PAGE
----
Do you hate cold calling?
If your answer is a resounding yes, then you’re in the majority. After all, according to sales consulting firm the Brevet Group, you’ll have to call a potential customer at least eight times before you get through.
While we marketers and salespeople may have many options today to reach customers—emails! Social media! Instant message!—what’s clear is that the good, old-fashioned phone call isn’t going anywhere anytime soon.
The Brevet Group confirms that much, noting how most interactions with customers will take place on the phone, 92 percent in all. That means phone calls are unavoidable, as is cold calling.
You might not like cold calling, and that’s okay. By finding ways to make your cold calls more efficient and effective, you can spend less time on the phone calling prospects. In this article, we’re proudly presenting 10 cold calling techniques that really work.
- Know When to Call
No one wants to waste their time calling back the same prospect over and over. Yet if you’re calling them at the wrong times, that’s just what will happen.
Wait, there are right times and wrong times to call a prospect? Absolutely! Peak Sales Recruiting says one of the worst times to ring up a prospect is on a Friday afternoon. This makes sense, as by this point, most people are tuned out. They’re waiting out the final few hours of work so they can start their weekends.
Another poor time to call is on Monday morning. Again, this one makes sense when you think about it. Many people are kind of in a daze on Monday morning, dragging themselves to the office while wishing it was still the weekend. Of course your calls wouldn’t be answered then.
When should you call? Try Wednesday or Thursday. You have two windows: early morning or later in the day. If you’re an early bird, then try calling anytime between 6:45 and 9 in the morning. If you prefer the afternoon, then give your prospect a call from 4 p.m. to 6 p.m. Try to err on the earlier side of things, since you might miss your prospect if they leave the office at 5 o’ clock on the dot.
No matter which day you choose to call, time is of the essence. Peak Sales Recruiting says that you can see a 391-percent conversion rate boost by calling a lead a minute after they’re been generated. That soon? Yes, that soon. This is pique curiosity time for the prospect, which may lead to higher receptivity.
- Invest in a Headset
If you’re just picking up the phone and cradling it between your head and neck, you’re doing it wrong. Not only are you going to end your day in pain, but you’re not being as productive or effective as you can be.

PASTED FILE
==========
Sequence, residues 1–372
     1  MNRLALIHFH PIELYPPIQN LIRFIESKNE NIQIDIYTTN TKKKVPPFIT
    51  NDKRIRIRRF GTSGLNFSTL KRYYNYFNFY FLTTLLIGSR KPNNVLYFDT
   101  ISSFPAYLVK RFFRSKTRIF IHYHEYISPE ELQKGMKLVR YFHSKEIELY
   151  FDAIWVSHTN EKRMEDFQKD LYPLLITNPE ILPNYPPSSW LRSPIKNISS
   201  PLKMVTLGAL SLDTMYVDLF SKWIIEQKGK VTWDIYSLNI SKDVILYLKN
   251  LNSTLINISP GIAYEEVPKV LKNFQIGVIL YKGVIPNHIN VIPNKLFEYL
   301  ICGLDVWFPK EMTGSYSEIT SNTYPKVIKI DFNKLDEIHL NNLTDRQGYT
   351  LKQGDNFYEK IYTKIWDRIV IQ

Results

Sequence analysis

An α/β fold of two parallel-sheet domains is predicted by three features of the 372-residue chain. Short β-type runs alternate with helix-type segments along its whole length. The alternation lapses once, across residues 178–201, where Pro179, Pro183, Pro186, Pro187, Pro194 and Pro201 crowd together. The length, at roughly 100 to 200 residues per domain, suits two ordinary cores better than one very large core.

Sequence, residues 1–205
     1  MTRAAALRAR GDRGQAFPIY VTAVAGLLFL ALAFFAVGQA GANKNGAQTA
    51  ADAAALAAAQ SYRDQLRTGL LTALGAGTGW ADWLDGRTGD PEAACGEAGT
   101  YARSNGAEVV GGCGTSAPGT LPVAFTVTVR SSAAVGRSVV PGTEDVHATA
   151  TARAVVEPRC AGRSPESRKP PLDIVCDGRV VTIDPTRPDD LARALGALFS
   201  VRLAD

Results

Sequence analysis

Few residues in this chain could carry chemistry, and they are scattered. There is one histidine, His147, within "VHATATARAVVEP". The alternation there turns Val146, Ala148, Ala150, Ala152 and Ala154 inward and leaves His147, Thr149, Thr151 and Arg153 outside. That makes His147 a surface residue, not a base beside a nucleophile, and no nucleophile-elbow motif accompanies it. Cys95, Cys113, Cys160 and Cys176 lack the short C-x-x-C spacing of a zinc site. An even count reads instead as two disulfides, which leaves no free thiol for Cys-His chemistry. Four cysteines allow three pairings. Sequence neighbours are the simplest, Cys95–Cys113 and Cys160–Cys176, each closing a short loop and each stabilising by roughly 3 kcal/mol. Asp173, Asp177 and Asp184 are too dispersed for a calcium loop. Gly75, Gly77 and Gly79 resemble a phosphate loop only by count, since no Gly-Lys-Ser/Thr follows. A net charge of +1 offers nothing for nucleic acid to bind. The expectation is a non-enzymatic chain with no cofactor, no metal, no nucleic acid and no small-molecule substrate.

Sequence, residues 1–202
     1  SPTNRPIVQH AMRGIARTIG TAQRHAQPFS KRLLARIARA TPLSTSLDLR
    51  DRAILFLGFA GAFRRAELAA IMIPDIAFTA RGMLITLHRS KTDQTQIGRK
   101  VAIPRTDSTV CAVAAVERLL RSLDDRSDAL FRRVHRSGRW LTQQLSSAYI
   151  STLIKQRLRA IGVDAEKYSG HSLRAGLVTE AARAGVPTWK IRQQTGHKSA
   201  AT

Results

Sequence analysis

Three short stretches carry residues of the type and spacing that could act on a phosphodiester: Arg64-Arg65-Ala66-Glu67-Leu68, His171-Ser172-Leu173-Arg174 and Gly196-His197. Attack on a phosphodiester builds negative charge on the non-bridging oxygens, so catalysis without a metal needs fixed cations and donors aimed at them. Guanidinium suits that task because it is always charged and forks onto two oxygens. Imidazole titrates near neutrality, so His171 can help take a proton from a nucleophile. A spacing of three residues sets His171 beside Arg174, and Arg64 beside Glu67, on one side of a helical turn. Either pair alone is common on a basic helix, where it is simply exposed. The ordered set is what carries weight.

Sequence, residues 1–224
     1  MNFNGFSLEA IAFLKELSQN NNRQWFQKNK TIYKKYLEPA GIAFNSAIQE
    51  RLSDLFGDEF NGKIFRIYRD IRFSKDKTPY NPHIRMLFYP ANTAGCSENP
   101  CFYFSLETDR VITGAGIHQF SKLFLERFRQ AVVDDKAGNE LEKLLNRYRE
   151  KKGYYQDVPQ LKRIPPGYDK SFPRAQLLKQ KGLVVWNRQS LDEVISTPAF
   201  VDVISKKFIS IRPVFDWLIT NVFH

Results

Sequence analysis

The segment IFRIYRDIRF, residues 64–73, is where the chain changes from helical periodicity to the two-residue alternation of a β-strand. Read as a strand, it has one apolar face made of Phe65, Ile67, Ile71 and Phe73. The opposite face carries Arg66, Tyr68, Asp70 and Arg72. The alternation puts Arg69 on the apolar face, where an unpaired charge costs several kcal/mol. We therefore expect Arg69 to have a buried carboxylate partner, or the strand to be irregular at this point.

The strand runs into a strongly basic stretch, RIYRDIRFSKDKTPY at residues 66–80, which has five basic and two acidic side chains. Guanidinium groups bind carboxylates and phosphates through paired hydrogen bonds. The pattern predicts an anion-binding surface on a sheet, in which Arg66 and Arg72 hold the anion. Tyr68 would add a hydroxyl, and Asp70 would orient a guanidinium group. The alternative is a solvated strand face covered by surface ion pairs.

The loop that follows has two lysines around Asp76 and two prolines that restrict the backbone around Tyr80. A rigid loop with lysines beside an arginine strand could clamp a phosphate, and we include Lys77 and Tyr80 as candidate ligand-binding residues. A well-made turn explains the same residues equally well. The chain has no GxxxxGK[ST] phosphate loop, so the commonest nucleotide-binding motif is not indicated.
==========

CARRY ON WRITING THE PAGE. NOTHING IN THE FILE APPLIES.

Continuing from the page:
According to data from Peak Sales Recruiting, it’s possible to boost your cold calling effectiveness by 50 percent just by using a headset. There are plenty of other reasons to invest in a headset as well.
One of them has to do with your health and pain levels. As mentioned, cradling a phone isn’t the most comfortable thing in the world. When you do it every day for years on end, it can cause some health issues. You might have back pain, neck pain, and even postural problems. A headset prevents all that.
Headsets.com shares that noise-canceling headsets can reduce background sounds quite effectively, cutting out 75 percent of this noise. Binaural headsets are even better, as they are designed to go over not just one ear, but both.
You also get more freedom when you’re using a headset. Your hands are open to do anything, such as take notes, type, or even organize your desk (although be sure to focus on your call). You can’t do any of that when cradling the phone.
- Learn the Right Tone
You could say all the right words, but if your tone of voice doesn’t match, then you’re not going to make the sale. Sales software company Close.io says that, according to research, your tone can determine how successful the cold call will be at a staggering rate of 93 percent. Yes, that’s right, 93 percent.
With such a stunning statistic, you can’t afford to use the wrong tone. No monotone here, please. You also have to sound confident. If you’re bored, your prospects will hear it, and they won’t want to close a deal with you. After all, if you, the person selling the products, can’t be enthusiastic, why should they?
It can be tough to maintain that enthusiasm day in and day out, but your tone must be confident yet friendly during all calls. You want to be sound assured and strong but not too pushy. There’s no room for aggression in cold calls. Yes, you’re trying to make a sale, but maintaining the same tone, even if things aren’t going your way, is important.
- Consider Using a Script
The first few times you make a cold call, you’re going to be nervous. This is especially true if you’re a new salesperson who has only ever contacted leads you emailed with first. Even some seasoned salespeople can feel that a cold call is daunting.
When you’re nervous, you tend to talk too fast, stumble on your words, and forget important points. None of these are good for a successful sales call. If you talk too fast, your prospect might not be able to decipher all the points you’re trying to make. You’re practically talking over yourself in your anxiety.
If you stumble on your words, then again, your message is not clear. Finally, if you forget important points, then the prospect is not getting the whole sales pitch. Why would they say yes to buying your product or service? They don’t have the entire picture.
It’s okay to be nervous, especially if this is your first cold call or if you’re new to sales. However, you cannot act jumpy when talking with a prospect. This is where a script comes in handy. If you have line-by-line dialogue to follow that gives you pointers on what to say, it becomes harder to trip up.
Just because you have a script doesn’t mean you can let your tone go by the wayside. You don’t have to recite the script line-by-line, but rather use it as a guide. Your prospect will be able to tell if you’re reading the script verbatim because you’ll sound robotic and inauthentic. Remember to keep that cheerful, inviting tone in your voice.